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In answering this question it would be useful to first discuss very briefly, the feminist contribution to the study of criminology in general to help and aid understanding of the feminist perspective on victimisation. The feminist contribution to victimisation shall be outlined, along with evidence to back up any arguments that are put forwards, any responses made by the government or any other such organisation as a result of feminist writings, and also the advantages that feminism has provided in victimisation in general shall be included. There shall however, also be a critical approach, from both outside, and within the feminist strain of thought, as there are different types of feminist, and these often criticise each other, for example, black feminists criticise all other groups of feminists for not taking account for a woman’s race (Bagihole, 1992,)
As mentioned before there are a variety of different feminisms, although these are united together by their common desire for sexual justice and a concern for women’s welfare. Feminism can be divided into four broad categories; Liberal, Radical, Marxist/Socialist and Post modern feminism (Taylor – 1997). Feminist contribution to criminology has enriched the discipline in four main ways. Firstly it attempts to show that much of the previous criminological theorising has neglected the offending of women entirely, it was simply assumed that when discussing offenders, it was a male being discussed. Secondly, feminists have brought attention to the treatment of women within the criminal justice system and believe that chivalry plays huge role in the lenient treatment of women.
Thirdly, focus is placed on the fact that crime is highly gendered, and asks the question of why women commit so few offences and males so many (Smith – 1995) For example a report carried out by the Home Office in 2001, showed that in 2000 81% of all known offenders were male, and that this proportion has remained stable over the last -. Fourthly, and the main focus of this essay is their contribution to the study of victimisation, they discuss the previously “hidden” crimes such as domestic violence and sexual assault and rape of women and children within the supposed safety of the home, and attempt to research and explain the “dark figure” of crime against these groups, the dark figure being a the percentage of these crimes that go unreported, they also raise question about how girls and women can be protected from male violence, and how victims can best be supported (Smith – 1993).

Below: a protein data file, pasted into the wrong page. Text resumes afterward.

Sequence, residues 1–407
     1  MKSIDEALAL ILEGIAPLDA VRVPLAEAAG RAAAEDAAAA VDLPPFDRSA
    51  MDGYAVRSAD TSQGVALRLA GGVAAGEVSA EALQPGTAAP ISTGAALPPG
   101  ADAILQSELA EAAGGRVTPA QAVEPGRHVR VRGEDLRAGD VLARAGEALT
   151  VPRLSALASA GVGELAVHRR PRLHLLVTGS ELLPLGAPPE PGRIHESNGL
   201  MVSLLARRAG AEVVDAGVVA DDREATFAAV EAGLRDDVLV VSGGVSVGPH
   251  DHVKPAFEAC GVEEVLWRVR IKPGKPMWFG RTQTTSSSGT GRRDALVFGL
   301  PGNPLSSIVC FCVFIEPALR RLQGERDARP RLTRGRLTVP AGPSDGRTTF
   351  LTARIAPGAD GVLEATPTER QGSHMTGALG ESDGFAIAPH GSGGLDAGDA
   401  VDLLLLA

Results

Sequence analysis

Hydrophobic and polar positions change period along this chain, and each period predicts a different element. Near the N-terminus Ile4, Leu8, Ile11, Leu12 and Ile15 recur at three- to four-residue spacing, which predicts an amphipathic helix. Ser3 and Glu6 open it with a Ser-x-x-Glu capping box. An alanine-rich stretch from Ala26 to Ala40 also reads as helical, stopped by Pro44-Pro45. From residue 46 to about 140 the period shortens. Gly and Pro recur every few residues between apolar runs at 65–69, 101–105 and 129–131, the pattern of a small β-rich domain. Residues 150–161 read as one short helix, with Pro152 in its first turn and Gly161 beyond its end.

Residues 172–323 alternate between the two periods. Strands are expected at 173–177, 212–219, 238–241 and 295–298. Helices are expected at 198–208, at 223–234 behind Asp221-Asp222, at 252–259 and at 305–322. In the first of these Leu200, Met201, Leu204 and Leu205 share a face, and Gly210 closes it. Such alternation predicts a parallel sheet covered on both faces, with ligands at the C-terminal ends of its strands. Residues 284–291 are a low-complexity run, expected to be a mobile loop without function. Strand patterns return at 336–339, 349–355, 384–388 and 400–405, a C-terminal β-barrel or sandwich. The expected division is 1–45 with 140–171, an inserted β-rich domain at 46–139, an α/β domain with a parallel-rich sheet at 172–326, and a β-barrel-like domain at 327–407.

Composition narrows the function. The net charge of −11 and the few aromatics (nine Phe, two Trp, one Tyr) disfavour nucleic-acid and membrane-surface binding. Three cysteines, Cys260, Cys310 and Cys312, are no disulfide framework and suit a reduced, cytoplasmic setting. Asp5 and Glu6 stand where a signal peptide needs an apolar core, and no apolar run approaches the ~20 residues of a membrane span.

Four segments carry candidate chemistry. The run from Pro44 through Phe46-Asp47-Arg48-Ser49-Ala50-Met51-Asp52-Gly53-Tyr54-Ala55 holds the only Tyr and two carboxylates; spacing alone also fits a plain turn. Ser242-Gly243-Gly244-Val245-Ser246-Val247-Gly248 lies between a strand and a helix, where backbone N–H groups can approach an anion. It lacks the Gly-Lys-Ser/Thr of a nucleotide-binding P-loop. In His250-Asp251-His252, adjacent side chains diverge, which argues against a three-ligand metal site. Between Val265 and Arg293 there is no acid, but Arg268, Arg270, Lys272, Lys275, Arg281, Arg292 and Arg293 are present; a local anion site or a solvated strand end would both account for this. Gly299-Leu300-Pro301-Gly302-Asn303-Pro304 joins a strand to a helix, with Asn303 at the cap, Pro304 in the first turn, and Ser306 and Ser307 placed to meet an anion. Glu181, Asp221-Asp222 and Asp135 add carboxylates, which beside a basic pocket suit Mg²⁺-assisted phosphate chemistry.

It is radical feminists that emphasise the violent/sexual assault, women’s oppression and control through the avenue of victim studies, although the term “survivor” is preferred as opposed to “victim” due to the belief that it gives a more positive active role for women in their daily lives. The term “victim” suggests powerlessness and passivity of those women who have been victims of crime (Rafter and Heidensohn – 1995).
From a feminist perspective, women are more likely than men to be the victims of sexual assaults, such as rape, violence in the home and theft from the person. Although it has been argued that young men are the most at risk to experience violent victimisation, the Home Office’s summary of the statistical data on female victimisation provides a starting point for the feminist argument. The proportion of female victims of violence known to the police rose from 27% in 1984 to 33% in 1989, a rise of 5% in 5 years (Smith – 1995).
This increase, in a feminists eyes, is due to the increased willingness to report such crimes, and an increase in the willingness of police to record them, an uncovering of a “hidden” crime, not a mere increase in these incidents.
Women are more likely than men to be attacked in the home, and around half of these acts of violence are committed by male partners. Of the 226 cases of women as the victims of murder in 1990, 43% were killed by someone they had been emotionally involved with, either current, or ex-partners, 19% by another family member, and a mere 11% by strangers(Smith – 1995). It was found the perpetrators of offences against both males and females are predominantly male.
In the case of rape, the feminist view of the victim or “survivor” has led to some improvement in their position. Firstly they are theoretically allowed anonymity and protection from having their character tested, although in practice the victim was only actually protected following pressure from feminist groups and the Youth and Criminal Evidence Act 1999. This act allowed the exclusion of information on a complainant’s previous sexual history (Taylor 1997). Secondly, by setting up more sympathetic units in police stations for the victim to attend (rape suits) and generally altering the police response to a rape victim. These changes have encouraged some improvement in reporting, although the incidence of rape is still though to be higher than is officially recorded (Williams 2001).